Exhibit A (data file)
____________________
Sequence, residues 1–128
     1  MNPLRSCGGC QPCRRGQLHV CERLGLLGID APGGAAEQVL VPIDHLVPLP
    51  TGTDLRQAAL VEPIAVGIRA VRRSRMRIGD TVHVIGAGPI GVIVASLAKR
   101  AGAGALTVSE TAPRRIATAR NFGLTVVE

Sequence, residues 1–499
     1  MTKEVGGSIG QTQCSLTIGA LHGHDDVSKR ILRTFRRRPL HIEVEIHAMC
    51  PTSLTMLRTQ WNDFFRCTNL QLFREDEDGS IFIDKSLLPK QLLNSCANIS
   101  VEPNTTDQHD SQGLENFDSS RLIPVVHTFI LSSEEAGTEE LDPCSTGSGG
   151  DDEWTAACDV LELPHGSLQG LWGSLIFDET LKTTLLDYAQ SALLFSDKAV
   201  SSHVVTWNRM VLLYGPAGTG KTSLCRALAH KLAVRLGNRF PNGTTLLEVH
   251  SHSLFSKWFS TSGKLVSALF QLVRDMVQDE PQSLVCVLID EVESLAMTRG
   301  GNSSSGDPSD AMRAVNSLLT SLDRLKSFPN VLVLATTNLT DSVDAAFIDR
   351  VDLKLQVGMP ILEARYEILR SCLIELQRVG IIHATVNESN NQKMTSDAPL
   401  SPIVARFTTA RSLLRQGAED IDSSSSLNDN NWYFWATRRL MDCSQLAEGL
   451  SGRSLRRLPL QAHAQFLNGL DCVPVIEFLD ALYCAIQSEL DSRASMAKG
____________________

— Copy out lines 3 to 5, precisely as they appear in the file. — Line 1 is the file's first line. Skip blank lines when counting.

    51  TGTDLRQAAL VEPIAVGIRA VRRSRMRIGD TVHVIGAGPI GVIVASLAKR
   101  AGAGALTVSE TAPRRIATAR NFGLTVVE

Sequence, residues 1–499